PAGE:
Whilst we sit in our cosy cabin in the middle of the Chilean countryside, with the rain falling outside and the fire going inside, it is a good time to reflect on our time here in Chile and generally about our trip. In a few days Kirstie will be going back to Wales and the States, and I will be moving on to Peru…
It has been great to leave the big cities of Buenos Aires and Santiago de Chile to spend a few days marvelling at the beauty of the Chilean landscape. We are very near the volcano Villarica, which has shown its full power only last March. (https://en.wikipedia.org/wiki/Villarrica_%28volcano%29) There is a German word ‘Ehrfurcht’ which is a combination of feeling fear and awe at once, and this perfectly describes the feeling we had when we drove half way up the mountain today, being surrounded by black lava sand and rocks. Although we very much feel its presence we have not seen the full mountain yet, but were told that before we leave there is a chance of clear weather.
We have marvelled not only at the beauty of the nature but also how nice people are here – and – how safe, clean and orderly everything is. One nice oddity of Chile is that the stray dogs are well taken care of. Already in Santiago de Chile and also here in the countryside we notice the many stray dogs and how friendly they are – apparently they all get vaccinated and also fed especially by locals. But many of them are also limping as they often get run over by cars when they chase them… The biggest impression one dog made on me was in Santiago de Chile. He waited with all the pedestrians at a red light and crossed at green with everyone else!
Being here in the countryside we are often wondering which continent we are on, at times it looks like we are in Wales, then in Austria or in the Jurassic areas of Switzerland…. Only when we go off the beaten track onto the dirt roads we see the poverty and simplicity of how some people live. And apparently the Mapuche, the indigenous people here, tend to hide away from the tourist areas. Unlike other indigenous tribes of South America they have fought fiercely for their independence and rights. But I feel that as a ‘visitor’ you only understand a very small layer of what is really going on. Yet the longer you are in a place and talk with the local people, the more you get a sense of what the concerns and problems are of the local population.
Kirstie and I both visited the Museum of Memory (http://www.museodelamemoria.cl/) in Santiago, a strong reminder of the repressive Pinochet and Military Junta era that has only ended at the end of last century here in Chile. What is underplayed in the Museum is how much the USA controlled and financed the whole coup against Allende…. And that is something we meet a lot on this trip. The history of this continent, the pain and suffering that was caused due to the power, intrigue and financial games of the West, starting with the colonization a few centuries ago. Some of our friends who are our age told us what it was like to live during the repressive era either on the Pinochet side (rich and privileged) or on the socialist side (under constant fear of abduction and family members being either in exile or abducted and killed.) Even though it is impressive that this Museum was built so soon after the repressive era and deals with these terrible truths, I also wonder how long it will take for the deeper layers of mistrust and fear to be transcended here…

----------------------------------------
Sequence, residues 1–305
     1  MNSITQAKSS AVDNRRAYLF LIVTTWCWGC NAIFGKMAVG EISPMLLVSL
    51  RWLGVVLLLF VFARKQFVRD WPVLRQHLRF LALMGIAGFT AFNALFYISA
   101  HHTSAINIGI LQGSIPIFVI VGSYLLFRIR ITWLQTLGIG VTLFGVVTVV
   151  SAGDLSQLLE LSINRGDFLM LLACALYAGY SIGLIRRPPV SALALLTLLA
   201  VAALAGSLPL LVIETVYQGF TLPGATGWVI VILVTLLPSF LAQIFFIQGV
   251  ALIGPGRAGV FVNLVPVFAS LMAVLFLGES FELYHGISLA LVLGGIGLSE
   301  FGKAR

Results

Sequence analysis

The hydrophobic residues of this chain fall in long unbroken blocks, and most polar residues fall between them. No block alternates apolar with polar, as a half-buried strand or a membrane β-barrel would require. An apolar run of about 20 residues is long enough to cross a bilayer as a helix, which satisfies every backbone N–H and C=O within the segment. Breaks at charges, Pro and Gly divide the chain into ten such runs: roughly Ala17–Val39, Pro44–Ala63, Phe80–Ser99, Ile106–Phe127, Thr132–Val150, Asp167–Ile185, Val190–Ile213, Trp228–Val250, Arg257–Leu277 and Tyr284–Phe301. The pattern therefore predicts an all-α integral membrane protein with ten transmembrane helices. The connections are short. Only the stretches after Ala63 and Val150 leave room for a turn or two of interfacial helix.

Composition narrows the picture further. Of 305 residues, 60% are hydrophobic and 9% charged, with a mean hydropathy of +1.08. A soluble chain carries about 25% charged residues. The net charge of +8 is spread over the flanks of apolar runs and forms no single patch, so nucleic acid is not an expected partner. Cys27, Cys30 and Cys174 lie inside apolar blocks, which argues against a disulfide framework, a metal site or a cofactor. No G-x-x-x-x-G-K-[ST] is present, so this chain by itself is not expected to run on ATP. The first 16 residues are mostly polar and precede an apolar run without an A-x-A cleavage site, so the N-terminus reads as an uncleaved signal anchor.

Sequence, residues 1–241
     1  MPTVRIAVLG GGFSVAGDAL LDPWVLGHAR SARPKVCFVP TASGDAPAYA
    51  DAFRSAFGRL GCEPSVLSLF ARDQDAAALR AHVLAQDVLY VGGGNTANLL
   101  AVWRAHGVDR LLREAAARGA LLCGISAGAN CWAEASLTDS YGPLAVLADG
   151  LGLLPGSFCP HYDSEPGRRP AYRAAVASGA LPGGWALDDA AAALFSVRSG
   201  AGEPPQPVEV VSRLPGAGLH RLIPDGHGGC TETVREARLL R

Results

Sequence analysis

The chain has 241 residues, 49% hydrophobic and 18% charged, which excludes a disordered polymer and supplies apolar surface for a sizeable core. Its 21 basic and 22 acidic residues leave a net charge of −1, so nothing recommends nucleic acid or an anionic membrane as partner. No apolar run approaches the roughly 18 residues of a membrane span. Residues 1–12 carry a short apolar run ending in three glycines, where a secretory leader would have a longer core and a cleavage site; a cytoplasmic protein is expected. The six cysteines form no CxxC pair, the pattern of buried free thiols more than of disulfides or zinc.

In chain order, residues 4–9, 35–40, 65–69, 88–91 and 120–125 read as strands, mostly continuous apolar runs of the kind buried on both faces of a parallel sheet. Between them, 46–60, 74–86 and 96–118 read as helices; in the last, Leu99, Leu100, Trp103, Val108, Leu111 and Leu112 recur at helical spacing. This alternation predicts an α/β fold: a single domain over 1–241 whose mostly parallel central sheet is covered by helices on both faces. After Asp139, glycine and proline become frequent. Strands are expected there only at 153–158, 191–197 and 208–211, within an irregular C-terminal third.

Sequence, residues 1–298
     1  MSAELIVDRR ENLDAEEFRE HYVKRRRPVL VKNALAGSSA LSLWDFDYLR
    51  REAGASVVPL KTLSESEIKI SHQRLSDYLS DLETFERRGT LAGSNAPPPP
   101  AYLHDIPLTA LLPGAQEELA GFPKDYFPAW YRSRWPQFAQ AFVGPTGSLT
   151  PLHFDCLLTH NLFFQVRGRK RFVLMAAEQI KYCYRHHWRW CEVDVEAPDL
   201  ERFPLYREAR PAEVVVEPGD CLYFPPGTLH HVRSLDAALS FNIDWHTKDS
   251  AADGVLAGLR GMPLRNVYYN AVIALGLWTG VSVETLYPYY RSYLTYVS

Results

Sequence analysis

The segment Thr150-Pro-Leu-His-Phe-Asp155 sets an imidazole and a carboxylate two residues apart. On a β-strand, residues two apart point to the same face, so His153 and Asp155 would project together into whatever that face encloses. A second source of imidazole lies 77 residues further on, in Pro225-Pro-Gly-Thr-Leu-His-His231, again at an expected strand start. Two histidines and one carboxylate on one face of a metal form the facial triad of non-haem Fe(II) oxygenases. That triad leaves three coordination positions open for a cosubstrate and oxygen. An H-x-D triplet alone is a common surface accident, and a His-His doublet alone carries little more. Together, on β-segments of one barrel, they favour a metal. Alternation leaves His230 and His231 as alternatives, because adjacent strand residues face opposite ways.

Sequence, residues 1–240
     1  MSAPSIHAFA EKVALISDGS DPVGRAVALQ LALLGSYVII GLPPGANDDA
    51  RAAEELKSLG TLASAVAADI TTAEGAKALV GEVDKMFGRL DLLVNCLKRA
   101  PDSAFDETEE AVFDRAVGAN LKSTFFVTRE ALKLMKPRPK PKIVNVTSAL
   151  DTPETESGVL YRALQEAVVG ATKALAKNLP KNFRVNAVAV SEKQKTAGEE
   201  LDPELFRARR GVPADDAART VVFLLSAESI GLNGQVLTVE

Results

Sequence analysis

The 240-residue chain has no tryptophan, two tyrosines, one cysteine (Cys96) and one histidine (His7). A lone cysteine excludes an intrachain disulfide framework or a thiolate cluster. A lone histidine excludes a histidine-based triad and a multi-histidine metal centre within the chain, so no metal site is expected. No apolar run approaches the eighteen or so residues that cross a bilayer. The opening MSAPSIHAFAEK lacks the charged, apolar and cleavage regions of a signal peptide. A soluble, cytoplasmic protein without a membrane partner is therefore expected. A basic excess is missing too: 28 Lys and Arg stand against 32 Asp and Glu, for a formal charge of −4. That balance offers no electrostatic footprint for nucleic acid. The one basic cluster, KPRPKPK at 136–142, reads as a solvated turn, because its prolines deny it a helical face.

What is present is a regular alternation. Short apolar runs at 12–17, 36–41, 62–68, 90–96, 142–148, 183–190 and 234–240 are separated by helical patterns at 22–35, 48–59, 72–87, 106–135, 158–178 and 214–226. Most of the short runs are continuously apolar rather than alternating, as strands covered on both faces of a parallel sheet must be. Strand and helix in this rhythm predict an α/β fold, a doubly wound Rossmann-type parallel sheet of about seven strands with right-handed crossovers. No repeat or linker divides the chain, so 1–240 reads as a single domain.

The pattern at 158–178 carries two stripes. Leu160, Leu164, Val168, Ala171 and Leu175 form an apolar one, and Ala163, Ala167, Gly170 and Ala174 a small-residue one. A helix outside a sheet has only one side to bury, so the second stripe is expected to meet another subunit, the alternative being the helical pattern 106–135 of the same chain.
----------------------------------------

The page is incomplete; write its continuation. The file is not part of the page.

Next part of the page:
Apart from that we were also very beautifully welcomed by the faculty of the DUOC University – Maria Francisca Silva Zautzik, who goes by the name Francisca is on dance faculty and Carlos Diaz Leon , who is head of the theatre department. DUOC is a university that gives less privileged students a chance of an academic career. (the education-divide between the poor and rich is a whole other story here… ).
Kirstie taught a three-day movement workshop and together we taught a two-day movement and dialogue workshop. The group was beautiful again, incredibly sensitive and attentive to each other and to their own capacity to listen and respond. At the end of the workshop we gathered in the beautiful small park at the university, with the sun setting over Santiago on one side, and a view into the Andes on the other.
After the workshop we gave a presentation about our work, and showed some of our other projects – a documentary by filmmaker Katrina McPherson about Kirstie’s work in dance https://vimeo.com/34894689 and my current project on the Why Women Need to Climb Mountains film and the German ‘evolve’ magazine. (see bio)
One other strong memory of the time here in Chile was one evening when we were invited to listen to a presentation of plays that some of the theatre students had written. The creative storytelling, the passion, heart and sincerity of the students were very moving and heartening – one could feel their connection to the South American land. There was a sense that a thoughtful generation of students are on the rise!
And one last thing that is worth mentioning: our trip from Buenos Aires to Santiago was breath taking. We had an early flight with very little cloud in the sky which meant that we could see the majesty of the Andes from above. It felt like watching a huge being that was extending its white paws up and down the continent…. When you see the eternal beauty of such mountains it makes you pause for a moment and lets you see our dramas and crisis in a much bigger context and at the same time it is also humbling to feel that we as humans have the capacity to destroy the unbelievable beauty that our planet has given us.